UPDATE: 3:45 p.m.
Penticton Indian Band Chief Greg Gabriel says his community's reaction to the suspicious fire that burned down Sacred Heart Catholic Church on their land early Monday morning is complicated, but he does not condone arson.
"Although there's a lot of anger and hurt in our community, from the residential school survivors and elders, this type of action and behaviour certainly doesn't help. There are better ways to deal with it, if, in fact, this fire was deliberate," Gabriel said Monday afternoon, speaking to media in front of the burned shell of the church.
Sacred Heart went up in flames in the early hours of Monday morning, within an hour of another fire at St. Gregory's church on Osoyoos Indian Band land. RCMP are investigating.
Gabriel said many in his community are shaken and saddened by the loss of the historic church.
"This church has been here since 1912. And it's been a fixture within our community for that many years. Even though the church has its dark history and dark past, we're now seeing evidence of that, a lot of our community members were, you know, involved with services, and events in this church," Gabriel said.
"So, you know, [the burning] touched some of those community members in a hurtful way. I had many elders attend throughout the day who were attached to the church and they're hurt, but I do believe they understand."
He said there is deep anger in not just his own community but Indigenous communities nation-wide that has surfaced due to the discovery of the remains of 215 children in unmarked graves at the Kamloops Indian Residential School last month.
"There's anger in every community, and I am angry. And I will do whatever I can and within our leadership we'll do whatever we can within our power to make sure people are held accountable for that atrocity," Gabriel said.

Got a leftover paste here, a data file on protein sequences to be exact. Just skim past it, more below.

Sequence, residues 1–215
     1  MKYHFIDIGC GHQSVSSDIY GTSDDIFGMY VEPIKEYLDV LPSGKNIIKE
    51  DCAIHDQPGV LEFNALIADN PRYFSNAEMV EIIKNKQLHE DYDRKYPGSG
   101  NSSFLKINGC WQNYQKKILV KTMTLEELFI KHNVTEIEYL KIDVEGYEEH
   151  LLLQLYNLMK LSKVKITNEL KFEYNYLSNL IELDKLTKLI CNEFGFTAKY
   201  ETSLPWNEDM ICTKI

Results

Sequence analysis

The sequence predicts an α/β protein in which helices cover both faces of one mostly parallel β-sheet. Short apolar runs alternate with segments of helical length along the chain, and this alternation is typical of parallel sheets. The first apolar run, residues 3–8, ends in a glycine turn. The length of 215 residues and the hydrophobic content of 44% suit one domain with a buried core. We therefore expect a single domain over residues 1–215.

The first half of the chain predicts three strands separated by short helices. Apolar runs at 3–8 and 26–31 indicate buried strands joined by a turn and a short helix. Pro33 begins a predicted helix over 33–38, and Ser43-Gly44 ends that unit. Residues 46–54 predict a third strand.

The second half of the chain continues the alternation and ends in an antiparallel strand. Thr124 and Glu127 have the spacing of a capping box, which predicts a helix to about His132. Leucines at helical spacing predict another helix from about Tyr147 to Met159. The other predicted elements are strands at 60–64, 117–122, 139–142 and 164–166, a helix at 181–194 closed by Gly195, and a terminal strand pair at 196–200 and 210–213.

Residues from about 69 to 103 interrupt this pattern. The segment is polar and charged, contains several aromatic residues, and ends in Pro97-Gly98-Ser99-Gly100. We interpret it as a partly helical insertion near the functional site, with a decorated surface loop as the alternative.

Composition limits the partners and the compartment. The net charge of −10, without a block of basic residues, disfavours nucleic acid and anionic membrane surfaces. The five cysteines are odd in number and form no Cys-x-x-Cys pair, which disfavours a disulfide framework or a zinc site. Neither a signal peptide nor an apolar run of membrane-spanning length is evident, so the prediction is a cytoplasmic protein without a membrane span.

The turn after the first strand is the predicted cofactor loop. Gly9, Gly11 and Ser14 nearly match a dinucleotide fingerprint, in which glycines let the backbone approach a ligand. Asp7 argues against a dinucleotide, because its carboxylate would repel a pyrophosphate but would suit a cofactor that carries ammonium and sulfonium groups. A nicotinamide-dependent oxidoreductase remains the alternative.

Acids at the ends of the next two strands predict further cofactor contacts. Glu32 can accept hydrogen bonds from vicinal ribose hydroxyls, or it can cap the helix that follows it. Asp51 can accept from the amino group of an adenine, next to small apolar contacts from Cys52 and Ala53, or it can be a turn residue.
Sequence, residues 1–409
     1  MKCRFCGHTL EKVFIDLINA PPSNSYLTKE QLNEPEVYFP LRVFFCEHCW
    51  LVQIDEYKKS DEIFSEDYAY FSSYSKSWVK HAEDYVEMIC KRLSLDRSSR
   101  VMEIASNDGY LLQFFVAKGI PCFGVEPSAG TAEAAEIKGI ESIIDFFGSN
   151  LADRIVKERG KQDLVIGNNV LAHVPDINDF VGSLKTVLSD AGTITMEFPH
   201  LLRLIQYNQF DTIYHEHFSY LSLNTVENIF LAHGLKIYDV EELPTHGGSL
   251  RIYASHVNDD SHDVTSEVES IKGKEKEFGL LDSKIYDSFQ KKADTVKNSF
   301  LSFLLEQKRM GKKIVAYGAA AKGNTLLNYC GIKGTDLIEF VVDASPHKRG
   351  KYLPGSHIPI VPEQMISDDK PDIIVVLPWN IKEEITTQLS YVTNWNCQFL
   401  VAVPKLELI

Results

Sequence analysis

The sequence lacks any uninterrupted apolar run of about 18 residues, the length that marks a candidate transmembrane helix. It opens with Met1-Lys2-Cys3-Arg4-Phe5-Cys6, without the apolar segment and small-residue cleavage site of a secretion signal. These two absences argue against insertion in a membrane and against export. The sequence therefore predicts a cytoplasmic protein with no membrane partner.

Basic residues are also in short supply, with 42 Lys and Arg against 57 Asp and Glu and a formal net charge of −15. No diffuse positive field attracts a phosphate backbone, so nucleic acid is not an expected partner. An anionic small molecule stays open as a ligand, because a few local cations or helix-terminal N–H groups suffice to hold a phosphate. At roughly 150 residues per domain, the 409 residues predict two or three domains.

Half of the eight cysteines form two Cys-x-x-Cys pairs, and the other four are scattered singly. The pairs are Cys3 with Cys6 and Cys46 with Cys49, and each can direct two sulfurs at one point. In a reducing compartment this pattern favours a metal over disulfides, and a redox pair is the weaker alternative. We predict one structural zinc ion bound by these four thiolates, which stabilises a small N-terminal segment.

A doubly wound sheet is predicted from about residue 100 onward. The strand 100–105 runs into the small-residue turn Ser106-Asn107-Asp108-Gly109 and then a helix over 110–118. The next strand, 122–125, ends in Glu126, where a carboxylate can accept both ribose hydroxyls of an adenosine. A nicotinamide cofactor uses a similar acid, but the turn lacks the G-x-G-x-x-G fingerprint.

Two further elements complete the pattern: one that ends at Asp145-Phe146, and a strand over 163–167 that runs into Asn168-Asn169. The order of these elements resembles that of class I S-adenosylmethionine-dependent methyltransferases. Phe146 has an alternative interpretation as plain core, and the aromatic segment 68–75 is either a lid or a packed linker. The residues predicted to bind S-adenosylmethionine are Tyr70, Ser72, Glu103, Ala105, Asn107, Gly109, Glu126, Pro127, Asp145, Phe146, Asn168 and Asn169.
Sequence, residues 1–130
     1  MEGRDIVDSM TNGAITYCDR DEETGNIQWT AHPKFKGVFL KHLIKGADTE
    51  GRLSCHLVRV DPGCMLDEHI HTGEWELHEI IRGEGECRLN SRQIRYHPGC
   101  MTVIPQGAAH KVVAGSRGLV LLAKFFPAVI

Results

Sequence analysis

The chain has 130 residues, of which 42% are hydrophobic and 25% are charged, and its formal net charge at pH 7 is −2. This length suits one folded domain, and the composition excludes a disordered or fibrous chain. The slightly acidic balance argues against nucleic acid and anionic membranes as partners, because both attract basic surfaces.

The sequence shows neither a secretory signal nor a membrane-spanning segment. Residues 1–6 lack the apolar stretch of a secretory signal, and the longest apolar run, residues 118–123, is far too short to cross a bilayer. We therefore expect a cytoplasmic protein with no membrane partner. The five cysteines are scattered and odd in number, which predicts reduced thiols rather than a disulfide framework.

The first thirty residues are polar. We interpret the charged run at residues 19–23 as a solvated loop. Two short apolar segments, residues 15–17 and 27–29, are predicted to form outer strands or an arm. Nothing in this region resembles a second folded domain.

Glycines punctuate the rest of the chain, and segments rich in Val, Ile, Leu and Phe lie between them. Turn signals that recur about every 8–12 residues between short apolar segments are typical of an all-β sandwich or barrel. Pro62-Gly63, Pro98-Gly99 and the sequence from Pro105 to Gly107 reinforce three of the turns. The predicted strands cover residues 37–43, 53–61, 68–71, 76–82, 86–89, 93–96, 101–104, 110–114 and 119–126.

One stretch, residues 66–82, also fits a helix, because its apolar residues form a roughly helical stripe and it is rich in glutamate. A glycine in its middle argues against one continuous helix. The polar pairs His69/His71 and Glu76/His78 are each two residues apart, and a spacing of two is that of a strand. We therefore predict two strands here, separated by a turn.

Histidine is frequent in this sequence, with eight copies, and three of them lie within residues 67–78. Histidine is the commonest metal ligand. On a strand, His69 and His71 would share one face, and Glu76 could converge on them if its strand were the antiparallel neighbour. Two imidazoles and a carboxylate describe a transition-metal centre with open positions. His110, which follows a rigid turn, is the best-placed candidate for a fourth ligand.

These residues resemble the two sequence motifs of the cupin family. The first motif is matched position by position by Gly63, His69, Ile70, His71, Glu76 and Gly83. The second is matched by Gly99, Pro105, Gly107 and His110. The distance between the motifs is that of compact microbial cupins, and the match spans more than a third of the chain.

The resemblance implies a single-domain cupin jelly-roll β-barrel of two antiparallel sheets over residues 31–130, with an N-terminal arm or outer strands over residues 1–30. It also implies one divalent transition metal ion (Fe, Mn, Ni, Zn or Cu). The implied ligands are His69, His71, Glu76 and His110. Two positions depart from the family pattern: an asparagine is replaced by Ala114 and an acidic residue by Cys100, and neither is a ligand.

"It has to be a criminal investigation because that evil act was criminal, there's no other explanation. And we need to work hard. Every leader across Canada needs to work hard and make sure those agencies, the Government of Canada and whoever else, are held accountable."
The Penticton Indian Band communications department also released a brief statement to media, noting the importance of the churches to the PIB and OIB communities and asking for the broader South Okanagan to let Indigenous community members grieve privately, calling it a "fresh wound that needs time to heal."
"We cannot speculate that the person(s) responsible had any connection to the Indigenous communities in our region, all we can do is to be there for one another in this unbelievably hard time," the news release reads.
UPDATE 2:35 p.m.
The South Okanagan RCMP says it “won’t speculate on a motive” for two church burnings overnight in the region.
Police say a Penticton RCMP officer was on patrol at 1:22 a.m. when he spotted fire coming from the Sacred Heart Church on Green Mountain Road in the PIB reserve. By the time he arrived at the scene, it was fully engulfed.
Then, at 3:10 a.m., the Oliver RCMP were called about a fire at the St. Gregory’s Church on Nk’mip Road on the OIB reserve.
Both Catholic churches burned to the ground and police are treating the fires as suspicious.
RCMP say their investigators are in close contact with the Penticton and Osoyoos Indian Bands as they investigate.
“Should our investigations deem these fires as arson, the RCMP will be looking at all possible motives and allow the facts and evidence to direct our investigative action,” states Sgt Jason Bayda, Media Relations Officer for the Penticton South Okanagan RCMP. “We are sensitive to the recent events, but won’t speculate on a motive.”